As I said, I don’t read many romance novels so I can’t really compare the heat between Arden and Gabriel to a “good” sexytimes situation in other romance novels, but I thought they had great chemistry and very well-written, steamy sex scenes. I don’t love the trope where the guy has to act all possessive and controlling of the girl (actually I hate it) but luckily, in this novel that only lasted a short while. Eventually Gabriel came to his senses and realized that, duh, this girl is a smart, kick-ass lady who can be trusted to make her own decisions. Thank goodness for that or I would have been REALLY annoyed with him for the entire book.

One of the main reasons I wanted to read this book is because it sounded like what Gin Jenny has coined as a “process dystopia” – meaning the reader is along for the ride of how and why the planet actually fell apart, seeing the whole process of the apocalypse as it happens, instead of just the post-apocalyptic world. I expected to get that with Radio Silence but it wasn’t there, which was disappointing. We know the electricity is out, we just don’t know why. Hopefully there’s more information as the series goes on.

So I liked this one a lot! It was definitely the right book to jump-start my attempts at finding which romance novels work for me and which do not. I will definitely be continuing with the series.


Into the ForestInto the Forest by Jean Heglund
Published by Dial Press

This novel is about two teenage sisters, Nell and Eva, who are struggling to survive in their Northern California home as the world quietly collapses around them. They are 30 miles from the nearest town so as an overseas war and issues in the US government cause massive issues in society, they don’t notice much difference until suddenly their electricity goes out and there’s no gas to be found. As they rely on one another for everything, their bond is tested time and time again, and they both must figure out how to grow into women in this new world they are facing.

I liked the first third of this book a lot. I found it fascinating, and horrifyingly believable, how the world as these characters knew it slowly disintegrated without their really noticing it. I loved getting to know the two of them and how each played a different role in their family structure. But as the book went on, one sister just read all the time and the other danced all the time – it almost got boring to me. And there’s a point in the book where something happens between the two of them that I thought was completely unnecessary and actually took away from what I did like about the book. At that point, I kind of hated it. So, not a personal recommendation but I do like some of the ideas presented here and I’d be open to picking up another book by this author.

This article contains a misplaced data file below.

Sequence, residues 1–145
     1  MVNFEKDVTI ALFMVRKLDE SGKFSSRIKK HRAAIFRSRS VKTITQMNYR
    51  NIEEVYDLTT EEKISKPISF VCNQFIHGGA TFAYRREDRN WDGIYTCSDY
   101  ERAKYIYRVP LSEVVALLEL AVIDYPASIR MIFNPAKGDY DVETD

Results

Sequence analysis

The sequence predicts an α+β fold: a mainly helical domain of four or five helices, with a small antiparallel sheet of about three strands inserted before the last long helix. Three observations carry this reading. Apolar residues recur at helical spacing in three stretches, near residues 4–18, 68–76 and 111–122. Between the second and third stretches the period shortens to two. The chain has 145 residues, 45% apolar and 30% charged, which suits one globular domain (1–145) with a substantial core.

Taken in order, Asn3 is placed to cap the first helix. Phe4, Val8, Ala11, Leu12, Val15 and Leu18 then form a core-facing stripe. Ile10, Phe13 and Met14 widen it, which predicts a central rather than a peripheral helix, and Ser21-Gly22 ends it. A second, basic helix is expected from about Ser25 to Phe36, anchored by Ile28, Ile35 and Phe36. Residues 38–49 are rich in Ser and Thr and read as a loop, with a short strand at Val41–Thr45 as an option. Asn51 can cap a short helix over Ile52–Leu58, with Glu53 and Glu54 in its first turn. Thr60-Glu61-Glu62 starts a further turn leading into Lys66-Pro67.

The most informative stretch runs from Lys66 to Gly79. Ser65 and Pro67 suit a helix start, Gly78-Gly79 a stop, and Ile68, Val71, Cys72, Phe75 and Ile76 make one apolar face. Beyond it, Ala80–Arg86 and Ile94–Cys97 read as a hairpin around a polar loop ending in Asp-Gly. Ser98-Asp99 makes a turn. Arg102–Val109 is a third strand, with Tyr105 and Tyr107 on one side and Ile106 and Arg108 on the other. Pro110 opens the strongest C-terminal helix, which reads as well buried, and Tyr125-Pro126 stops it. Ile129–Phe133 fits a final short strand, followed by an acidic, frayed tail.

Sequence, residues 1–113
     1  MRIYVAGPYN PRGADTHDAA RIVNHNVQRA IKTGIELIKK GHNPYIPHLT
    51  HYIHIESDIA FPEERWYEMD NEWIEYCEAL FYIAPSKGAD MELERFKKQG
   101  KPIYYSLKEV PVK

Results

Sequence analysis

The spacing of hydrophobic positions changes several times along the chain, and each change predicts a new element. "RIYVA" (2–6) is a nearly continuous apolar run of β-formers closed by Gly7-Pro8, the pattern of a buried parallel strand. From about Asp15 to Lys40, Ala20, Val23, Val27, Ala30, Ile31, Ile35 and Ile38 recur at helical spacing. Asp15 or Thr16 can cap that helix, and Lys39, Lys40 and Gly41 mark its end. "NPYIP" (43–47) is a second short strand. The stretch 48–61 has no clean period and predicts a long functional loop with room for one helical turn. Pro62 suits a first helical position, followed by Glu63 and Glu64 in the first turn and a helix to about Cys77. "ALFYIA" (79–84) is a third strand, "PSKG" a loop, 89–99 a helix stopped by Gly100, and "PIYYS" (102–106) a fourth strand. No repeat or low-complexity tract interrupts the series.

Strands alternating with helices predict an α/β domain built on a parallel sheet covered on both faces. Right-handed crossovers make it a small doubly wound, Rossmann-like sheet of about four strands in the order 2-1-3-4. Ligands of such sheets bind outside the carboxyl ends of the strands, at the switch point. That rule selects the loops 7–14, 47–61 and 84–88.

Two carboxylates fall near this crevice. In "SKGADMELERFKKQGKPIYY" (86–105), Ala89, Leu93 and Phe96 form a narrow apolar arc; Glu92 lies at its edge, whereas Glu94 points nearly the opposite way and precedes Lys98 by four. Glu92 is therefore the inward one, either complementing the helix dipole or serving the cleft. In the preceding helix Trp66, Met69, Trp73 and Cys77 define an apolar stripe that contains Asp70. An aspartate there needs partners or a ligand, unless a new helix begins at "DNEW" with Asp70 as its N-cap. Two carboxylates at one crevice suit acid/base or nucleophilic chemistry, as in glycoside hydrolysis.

The Boys in the Boat: Nine Americans and Their Epic Quest for Gold at the 1936 Berlin OlympicsThe Boys in the Boat: Nine Americans and Their Epic Quest for Gold at the 1936 Berlin Olympics by Daniel James Brown
Published by Viking

This is the story of the University of Washington’s crew team and their fight to win gold at the 1936 Berlin Olympics. Daniel James Brown traces the history of Nazi Germany leading up to and just past 1936 alongside the story of how this incredible crew team was put together, including helping the reader get to know each of the eight men on the team as well as their coaches.

I really REALLY liked this one! I was impressed with how the author managed to tell such a compelling story about this sport that I knew nothing about beforehand – and frankly didn’t care about beforehand. I loved getting to know these men, their back stories and childhoods and learning what made them tick, what made them successful, and most importantly, why these specific eight men, as a team, had to be the guys in this Olympic-caliber boat. It was fascinating to me how this sport is such an incredible illustration of teamwork, how a crew team is more about the team itself than its individual members. Further, this was an incredibly fascinating look at Nazi Germany just before Hitler began showing the world his true colors. I don’t think I’ve read a book before that illustrates the build-up to World War Two from this angle and it was so interesting to me, I need to find more books that do this. The Boys in the Boat is super great and I think it’s an easy recommendation to make to almost anyone.

Station Eleven by Emily St. John Mandel

Station ElevenStation Eleven by Emily St. John Mandel